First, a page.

Wednesday COVID-19 Briefing

Top news, reports and insights for today:

  1. Daily headline summaries for Wednesday:
  • Scientists confirm that at least one person has been ‘reinfected’ months after first getting COVID-19. This is important because it tells us reinfection is possible. Experts also say it is most likely “very rare” (BBC Science Focus)
  • New survey from Franklin Templeton-Gallop finds that American adults are “dramatically misinformed” about the mortality risks of COVID-19. Many overestimate risk of death from coronavirus in young people and underestimate risk in the elderly (USA Today)
  • New poll shows more than half of Republican voters think 170,000-plus coronavirus deaths are ‘acceptable’. Ninety percent of Democrats and 67% of independents say the opposite. We remain a very divided nation (Vice)
  • Towson University (near my home) pivots to remote learning after 55 people test positive for COVID-19, a pattern that is repeating itself at colleges and universities across the nation as Fall approaches (CNN)
  • Obesity increases risk of COVID-19 death by 48%, new study finds. Not enough attention is being paid to obesity as a risk factor (The Guardian, See Figure A)
Figure A: From The Guardian, August 26, 2020.
  1. New U.S. cases continue to decline, weekly numbers dropping in 30 states
     The trend in U.S. daily new cases remains positive, as the 7-day average dips below 45,000 for the first time since July 1 (See Figure B). Having said that, over 268,000 new cases were reported in the past week. That number at the start of this month was 411,000. Yesterday was the lowest Wednesday total since the middle of June. If you have read this blog before, you might guess that the disease detective next asks whether this decline is real or a sign that testing has stalled. I will address that question in original analysis on Friday. Figure C shows what is behind the overall decline at the state level. Again, the news is fairly positive. The trend in recent weeks toward lower transmission intensity in hot spot states continues. The growth factors (ratio of cases in the last 7 days compared to the week before) are less than 1.00 (falling rates) in 30 states, a larger number than we have seen in several months. New cases are falling in hard-hit states like Florida, Georgia, Louisiana, and Texas. The only region where more states saw cases rise than fall was the Midwest, where cases rose more than 10% week-over-week in Iowa (+16%), North Dakota (+61%), and South Dakota (+45%).
    The bottom line: As we close out August, the data tells us that transmission intensity is declining and doing so robustly in the West, South and Northeast, while the picture is more mixed in the Midwest. But, we must pump the breaks on our enthusiasm. New daily cases are still over 34,000. Every state in the West, Midwest and South remains at more than 5 daily cases per 100,000 population over the last week. The so-called first wave of coronavirus is still rolling in the U.S.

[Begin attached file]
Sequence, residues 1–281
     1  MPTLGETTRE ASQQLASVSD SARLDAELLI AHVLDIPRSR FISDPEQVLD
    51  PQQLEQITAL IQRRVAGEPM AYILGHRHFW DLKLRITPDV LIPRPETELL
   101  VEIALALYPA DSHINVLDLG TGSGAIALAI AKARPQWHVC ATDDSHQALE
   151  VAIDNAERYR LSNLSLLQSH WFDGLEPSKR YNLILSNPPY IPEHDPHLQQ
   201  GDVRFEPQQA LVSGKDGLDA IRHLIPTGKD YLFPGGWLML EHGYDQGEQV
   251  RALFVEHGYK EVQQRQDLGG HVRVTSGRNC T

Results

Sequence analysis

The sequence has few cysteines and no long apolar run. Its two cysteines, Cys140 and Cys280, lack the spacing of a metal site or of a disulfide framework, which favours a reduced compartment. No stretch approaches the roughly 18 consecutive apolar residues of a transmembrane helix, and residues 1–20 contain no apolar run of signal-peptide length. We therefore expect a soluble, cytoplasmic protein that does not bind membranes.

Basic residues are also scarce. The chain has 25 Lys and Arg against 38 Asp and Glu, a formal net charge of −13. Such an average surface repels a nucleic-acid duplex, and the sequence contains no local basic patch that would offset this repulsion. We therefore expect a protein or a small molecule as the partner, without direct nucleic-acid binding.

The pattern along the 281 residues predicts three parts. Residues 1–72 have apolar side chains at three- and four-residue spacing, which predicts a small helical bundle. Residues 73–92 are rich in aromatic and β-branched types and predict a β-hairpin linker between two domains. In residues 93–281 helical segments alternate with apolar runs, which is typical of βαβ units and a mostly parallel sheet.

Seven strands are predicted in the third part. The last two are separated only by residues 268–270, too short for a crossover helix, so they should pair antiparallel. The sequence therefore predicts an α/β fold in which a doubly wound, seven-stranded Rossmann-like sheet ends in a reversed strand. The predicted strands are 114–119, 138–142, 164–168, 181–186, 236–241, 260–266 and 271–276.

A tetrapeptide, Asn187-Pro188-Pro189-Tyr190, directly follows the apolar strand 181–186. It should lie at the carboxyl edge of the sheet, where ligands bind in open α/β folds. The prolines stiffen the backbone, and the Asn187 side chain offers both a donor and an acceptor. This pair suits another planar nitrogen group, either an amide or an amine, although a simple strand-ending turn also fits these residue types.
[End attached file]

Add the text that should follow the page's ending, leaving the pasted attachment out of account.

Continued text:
Figure B
Figure C
  1. Deaths dip delicately
     After the traditional data blackout on Sunday and Monday, the U.S. recorded 1,136 deaths from COVID-19 on Tuesday. On a positive note, the recent numbers show that the 7-day moving average has dropped below 1,000 for the first time since this time last month (Figure C). That overall trend belies considerable churning when we look at how deaths are shifting in states (Figure D). Growth factors for weekly deaths show considerable volatility across states. Compared to two weeks ago, deaths fell significantly in Arizona (-20%), Washington (-28%), Indiana (-24%), Missouri (-58%), Ohio (-22%), Florida (-32%), New Jersey (-24%), New York (-78%), and Pennsylvania (-28%). Drops in the three Northeastern states are especially welcome because I was concerned that deaths might start surging there. On the other hand, deaths rose 20% or more in Idaho (+22%), Utah (+40%), Iowa (+20%), Arkansas (+74%), Kentucky (+36%), Tennessee (+30%), Virginia (+100%), Massachussetts (+27%), and my own state of Maryland (+20%). As a reminder, in Figure D, states with patterned bars reported weekly numbers that are too small to make the ratios trustworthy.
    What it means: Daily U.S. deaths are now falling but more slowly than are cases. At the state level, it’s a period of considerable whack-a-mole. Spikes in weekly deaths in Arkansas, Utah and Virginia are especially concerning.
Figure D
Figure E
  1. Quirky Qorner: French nudists ‘exposed’ to coronavirus during beach holiday
     The Guardian reported on an outbreak of COVID-19 at a naturist holiday resort on France’s Mediterranean coast. Regional health authorities, who said the outbreak was “very worrying”, discovered some 100 beach goers had been ‘exposed’ to the virus and were testing positive. That rate of infection was four times higher among naturists in the resort compared to the nearby village. The outbreak comes as France grapples with a recent surge of new cases, with almost 4,900 new cases reported in 24 hours on Sunday.

Sunday COVID-19 Briefing

Top news, reports and insights for today:

  1. Daily headline summaries for Sunday:
  • Two tropical storms are expected to hit the Gulf Coast in rapid succession this week, compounding public health concerns in states fighting to gain traction against the coronavirus epidemic (Washington Post)